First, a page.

Building product supplier Foamex has rolled out its national energy efficiency roadmap ahead of schedule as a result of the COVID-19 pandemic.
Foamex general manager for Victoria and South Australia, Justin Kelsey said the sustainability project began about four years ago.
“Our journey started in 2017 with an energy assessment that shaped our efficiency drive. This in-depth analysis looked at electricity, gas and water and helped identify key areas where we could reduce our emissions and usage to save on energy costs and have less impact on the environment,” Kelsey said.
“The energy assessment provided a blueprint for our energy efficiency in Victoria initially, and we’ve since rolled out various measures nationally. As a result, we changed our electricity supplier to Flow Power because they provide energy from renewable energy sources like wind farms, solar, and more.”
Flow Power partners with major renewable energy projects across the National Energy Market to provide low-cost energy to Australian businesses via long-term virtual generation agreements (VGAs).
Foamex entered into Power Purchase Agreements across Victoria and SA, providing about 4,000 MWh of energy every year from the Clements Gap (SA) and Ferguson (VIC) wind farms as well as the Streaky Bay (SA) and Kiamal (VIC) solar farms.
These agreements are in place until 2025.
“The move to Flow Power means we’re closer to meeting our renewable energy targets as well as saving money,” Kelsey said.
“The next logical step was for us to look at ways for us to generate our own renewable energy by installing solar panels. We had planned to do this later this year, but the incentives offered through the government stimulus meant we brought this forward.”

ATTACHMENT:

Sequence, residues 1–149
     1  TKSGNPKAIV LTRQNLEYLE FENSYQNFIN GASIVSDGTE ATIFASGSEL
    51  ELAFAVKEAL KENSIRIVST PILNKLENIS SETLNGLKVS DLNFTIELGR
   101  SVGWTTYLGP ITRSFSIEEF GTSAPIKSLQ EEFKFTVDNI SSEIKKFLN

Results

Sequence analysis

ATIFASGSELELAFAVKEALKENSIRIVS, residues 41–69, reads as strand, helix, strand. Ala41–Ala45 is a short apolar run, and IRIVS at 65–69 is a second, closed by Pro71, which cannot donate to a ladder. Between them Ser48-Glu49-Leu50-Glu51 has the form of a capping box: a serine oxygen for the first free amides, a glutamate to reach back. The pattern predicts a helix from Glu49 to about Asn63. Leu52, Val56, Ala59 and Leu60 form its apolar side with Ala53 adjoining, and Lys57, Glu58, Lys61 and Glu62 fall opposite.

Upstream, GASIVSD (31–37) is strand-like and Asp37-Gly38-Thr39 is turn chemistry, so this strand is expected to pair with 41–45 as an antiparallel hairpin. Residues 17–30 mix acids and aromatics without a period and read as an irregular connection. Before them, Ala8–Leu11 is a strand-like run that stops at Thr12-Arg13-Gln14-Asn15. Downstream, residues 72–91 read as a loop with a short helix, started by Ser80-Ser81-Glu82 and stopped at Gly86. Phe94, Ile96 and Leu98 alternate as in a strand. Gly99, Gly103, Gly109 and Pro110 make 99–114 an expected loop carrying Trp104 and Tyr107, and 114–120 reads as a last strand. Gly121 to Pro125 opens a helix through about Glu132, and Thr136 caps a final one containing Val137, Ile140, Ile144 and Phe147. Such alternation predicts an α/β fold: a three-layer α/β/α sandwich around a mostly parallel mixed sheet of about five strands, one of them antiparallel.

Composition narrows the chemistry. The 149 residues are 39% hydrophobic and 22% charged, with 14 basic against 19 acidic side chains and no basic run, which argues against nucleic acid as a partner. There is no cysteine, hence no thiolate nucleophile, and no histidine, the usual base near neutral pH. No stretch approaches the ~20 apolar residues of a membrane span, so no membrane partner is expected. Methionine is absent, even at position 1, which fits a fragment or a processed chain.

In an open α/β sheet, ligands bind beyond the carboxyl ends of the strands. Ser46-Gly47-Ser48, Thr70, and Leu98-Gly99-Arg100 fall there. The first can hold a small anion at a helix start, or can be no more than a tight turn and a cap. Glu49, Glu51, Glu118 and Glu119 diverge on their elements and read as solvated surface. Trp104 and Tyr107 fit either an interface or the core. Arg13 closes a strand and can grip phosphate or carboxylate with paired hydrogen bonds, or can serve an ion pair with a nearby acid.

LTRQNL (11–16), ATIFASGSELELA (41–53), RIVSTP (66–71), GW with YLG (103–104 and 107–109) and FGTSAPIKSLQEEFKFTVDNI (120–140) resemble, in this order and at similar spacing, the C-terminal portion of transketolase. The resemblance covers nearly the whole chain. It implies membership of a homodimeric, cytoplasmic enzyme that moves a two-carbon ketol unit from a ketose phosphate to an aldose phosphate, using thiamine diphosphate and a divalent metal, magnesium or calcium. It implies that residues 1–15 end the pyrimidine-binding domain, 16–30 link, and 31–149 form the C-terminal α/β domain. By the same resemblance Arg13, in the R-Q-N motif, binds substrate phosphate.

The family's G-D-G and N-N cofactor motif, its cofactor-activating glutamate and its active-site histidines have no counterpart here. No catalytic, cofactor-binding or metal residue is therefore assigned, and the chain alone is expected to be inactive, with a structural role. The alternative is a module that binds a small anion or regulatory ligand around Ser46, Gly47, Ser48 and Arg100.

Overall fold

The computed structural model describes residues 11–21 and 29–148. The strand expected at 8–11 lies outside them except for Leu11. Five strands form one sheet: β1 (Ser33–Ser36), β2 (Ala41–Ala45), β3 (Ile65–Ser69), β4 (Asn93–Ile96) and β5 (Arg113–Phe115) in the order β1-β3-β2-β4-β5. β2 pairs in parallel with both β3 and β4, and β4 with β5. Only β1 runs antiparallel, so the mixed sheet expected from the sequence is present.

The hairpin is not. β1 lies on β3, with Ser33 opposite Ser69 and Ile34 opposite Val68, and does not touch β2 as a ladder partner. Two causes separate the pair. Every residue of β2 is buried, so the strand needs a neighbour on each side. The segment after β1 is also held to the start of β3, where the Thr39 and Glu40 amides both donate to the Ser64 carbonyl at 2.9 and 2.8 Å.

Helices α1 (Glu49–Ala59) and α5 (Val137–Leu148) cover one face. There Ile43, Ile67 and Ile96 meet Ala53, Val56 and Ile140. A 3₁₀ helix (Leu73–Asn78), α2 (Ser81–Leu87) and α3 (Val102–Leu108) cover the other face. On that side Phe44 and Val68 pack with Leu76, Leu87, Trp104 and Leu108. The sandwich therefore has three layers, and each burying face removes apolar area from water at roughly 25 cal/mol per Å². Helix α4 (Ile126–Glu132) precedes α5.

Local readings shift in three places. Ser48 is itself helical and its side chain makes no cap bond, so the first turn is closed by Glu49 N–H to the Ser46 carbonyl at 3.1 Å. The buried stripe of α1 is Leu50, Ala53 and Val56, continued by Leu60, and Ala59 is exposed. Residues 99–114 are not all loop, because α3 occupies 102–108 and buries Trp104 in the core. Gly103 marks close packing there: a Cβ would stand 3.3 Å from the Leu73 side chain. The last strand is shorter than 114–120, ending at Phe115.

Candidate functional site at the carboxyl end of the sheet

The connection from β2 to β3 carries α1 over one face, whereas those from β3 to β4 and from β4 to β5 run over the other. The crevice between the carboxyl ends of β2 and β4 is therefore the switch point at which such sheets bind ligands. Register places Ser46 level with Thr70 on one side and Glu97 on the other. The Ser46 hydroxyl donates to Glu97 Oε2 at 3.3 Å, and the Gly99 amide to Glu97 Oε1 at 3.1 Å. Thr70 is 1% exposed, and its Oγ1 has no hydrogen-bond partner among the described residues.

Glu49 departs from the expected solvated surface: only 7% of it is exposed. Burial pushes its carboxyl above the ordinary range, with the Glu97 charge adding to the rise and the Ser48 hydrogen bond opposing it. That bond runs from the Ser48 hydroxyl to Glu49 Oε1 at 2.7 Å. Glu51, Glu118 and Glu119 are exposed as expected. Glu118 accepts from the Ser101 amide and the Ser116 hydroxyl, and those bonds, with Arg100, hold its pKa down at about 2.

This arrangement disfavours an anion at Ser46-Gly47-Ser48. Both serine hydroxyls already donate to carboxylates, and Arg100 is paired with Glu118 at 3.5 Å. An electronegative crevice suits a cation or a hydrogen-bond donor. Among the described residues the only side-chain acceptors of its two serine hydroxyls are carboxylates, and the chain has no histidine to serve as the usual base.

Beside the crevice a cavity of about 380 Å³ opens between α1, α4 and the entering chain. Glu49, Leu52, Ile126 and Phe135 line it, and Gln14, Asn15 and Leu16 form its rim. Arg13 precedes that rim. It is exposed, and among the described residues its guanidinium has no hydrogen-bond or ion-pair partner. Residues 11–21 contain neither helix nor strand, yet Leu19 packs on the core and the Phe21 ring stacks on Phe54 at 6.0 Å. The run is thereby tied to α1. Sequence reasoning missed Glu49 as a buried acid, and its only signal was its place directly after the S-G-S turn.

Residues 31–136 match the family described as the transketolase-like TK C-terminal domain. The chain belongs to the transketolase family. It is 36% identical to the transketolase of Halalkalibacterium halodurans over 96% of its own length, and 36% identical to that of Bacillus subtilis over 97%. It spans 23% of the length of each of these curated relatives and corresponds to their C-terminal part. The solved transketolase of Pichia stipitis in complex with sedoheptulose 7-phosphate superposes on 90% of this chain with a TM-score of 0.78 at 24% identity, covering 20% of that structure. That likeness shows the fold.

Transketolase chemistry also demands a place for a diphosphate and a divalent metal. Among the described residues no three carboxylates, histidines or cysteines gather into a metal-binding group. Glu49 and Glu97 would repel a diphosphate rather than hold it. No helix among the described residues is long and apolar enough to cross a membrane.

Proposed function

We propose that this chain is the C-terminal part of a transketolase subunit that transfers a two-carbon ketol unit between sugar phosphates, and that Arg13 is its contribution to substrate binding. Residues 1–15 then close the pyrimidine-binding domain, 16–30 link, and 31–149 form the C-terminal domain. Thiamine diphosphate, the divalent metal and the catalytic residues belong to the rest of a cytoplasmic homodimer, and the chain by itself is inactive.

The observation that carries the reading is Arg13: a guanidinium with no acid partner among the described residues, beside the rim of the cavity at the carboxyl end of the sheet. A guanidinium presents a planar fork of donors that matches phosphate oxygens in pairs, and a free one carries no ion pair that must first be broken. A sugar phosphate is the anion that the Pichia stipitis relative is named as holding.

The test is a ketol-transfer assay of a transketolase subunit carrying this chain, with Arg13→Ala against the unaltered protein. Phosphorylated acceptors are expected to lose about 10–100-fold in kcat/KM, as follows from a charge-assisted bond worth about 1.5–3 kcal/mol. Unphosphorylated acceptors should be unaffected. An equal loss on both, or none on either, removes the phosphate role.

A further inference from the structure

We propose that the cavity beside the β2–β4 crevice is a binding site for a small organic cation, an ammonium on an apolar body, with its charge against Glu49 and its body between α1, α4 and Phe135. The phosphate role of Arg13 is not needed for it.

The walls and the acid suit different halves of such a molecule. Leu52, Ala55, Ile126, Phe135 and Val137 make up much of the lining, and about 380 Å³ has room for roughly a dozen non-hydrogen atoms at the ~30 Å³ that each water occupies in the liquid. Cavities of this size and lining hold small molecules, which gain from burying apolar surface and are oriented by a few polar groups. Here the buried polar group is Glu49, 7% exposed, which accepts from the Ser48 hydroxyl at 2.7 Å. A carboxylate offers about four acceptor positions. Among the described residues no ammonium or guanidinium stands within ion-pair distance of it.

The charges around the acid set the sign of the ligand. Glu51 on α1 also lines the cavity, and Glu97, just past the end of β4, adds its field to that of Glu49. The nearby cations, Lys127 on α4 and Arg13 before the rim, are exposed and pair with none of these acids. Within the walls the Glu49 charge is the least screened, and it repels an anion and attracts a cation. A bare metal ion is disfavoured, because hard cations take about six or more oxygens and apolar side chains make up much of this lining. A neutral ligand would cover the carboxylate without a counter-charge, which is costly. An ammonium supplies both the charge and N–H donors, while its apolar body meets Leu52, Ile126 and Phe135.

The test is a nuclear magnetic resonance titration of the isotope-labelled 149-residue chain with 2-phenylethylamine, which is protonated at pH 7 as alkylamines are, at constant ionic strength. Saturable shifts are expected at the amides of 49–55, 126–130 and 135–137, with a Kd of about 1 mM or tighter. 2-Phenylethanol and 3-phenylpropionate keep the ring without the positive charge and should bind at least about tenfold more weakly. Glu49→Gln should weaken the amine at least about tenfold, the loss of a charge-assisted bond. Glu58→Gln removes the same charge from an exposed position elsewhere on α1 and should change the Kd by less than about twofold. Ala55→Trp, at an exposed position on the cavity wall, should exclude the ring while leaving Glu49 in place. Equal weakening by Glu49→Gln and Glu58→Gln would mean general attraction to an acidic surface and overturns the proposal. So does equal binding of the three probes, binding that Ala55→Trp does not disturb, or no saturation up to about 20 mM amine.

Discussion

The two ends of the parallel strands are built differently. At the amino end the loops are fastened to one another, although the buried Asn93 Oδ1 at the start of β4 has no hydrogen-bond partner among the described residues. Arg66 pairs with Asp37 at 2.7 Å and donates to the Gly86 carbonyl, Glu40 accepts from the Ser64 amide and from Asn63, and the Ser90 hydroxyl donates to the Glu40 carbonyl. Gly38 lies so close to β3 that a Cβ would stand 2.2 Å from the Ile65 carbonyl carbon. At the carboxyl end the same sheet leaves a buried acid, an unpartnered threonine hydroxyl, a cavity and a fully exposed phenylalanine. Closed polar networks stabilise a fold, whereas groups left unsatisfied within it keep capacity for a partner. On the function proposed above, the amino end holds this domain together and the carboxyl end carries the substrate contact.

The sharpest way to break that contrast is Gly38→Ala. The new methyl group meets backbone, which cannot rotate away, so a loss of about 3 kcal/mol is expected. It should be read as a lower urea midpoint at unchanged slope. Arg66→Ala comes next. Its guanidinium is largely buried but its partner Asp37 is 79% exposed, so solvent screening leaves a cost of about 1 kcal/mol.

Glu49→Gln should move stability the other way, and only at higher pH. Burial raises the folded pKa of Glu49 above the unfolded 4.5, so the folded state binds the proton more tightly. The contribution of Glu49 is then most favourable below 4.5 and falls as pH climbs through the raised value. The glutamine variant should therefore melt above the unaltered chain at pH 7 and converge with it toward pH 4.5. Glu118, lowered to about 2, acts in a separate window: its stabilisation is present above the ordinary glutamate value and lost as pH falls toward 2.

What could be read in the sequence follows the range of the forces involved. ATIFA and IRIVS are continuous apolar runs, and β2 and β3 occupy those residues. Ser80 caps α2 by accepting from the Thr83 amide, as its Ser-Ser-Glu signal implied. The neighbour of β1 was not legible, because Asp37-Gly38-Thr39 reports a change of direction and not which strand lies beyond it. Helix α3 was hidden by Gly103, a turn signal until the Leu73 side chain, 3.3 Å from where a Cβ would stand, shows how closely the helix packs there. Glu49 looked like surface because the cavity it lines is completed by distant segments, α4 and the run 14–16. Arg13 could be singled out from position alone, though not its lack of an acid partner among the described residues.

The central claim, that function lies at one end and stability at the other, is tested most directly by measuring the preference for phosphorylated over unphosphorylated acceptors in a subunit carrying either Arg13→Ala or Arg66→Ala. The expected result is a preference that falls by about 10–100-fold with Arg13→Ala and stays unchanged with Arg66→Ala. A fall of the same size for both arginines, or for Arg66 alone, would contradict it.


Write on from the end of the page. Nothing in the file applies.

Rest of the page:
As a result of the COVID-19 pandemic, the federal government is offering generous instant asset right-off stimulus, increasing the levels from $30,000 to $150,000 and applying the benefit to businesses with a turnover of less than $500 million (up from $50 million).
“This, coupled with an opportunity to finance the project through the Sustainable Australia Fund and the Maroondah City Council, made it an attractive business proposition,” Kelsey said.
Foamex installed a 99-kilowatt solar system on the roof of its Victorian manufacturing facility in the Melbourne suburb of Bayswater North in early January 2021.
“We anticipate the panels will save approximately 49,300 kg of CO2 emissions per annum, the equivalent of 1,417 planted trees, and we’ll be reviewing their performance over the coming months. We anticipate rolling them out to other facilities across the country,” he said.
“The savings we’ve made from the renewable energy from Flow Power have amounted to 20 to 25 per cent on our annual energy bill, which has enabled us to further invest in our business, looking at ways in which we can replace outdated technology with more energy-efficient sustainable alternatives like the solar panels.”
Foamex has been in business for nearly 40 years and employs over 150 people manufacturing polystyrene products in five states.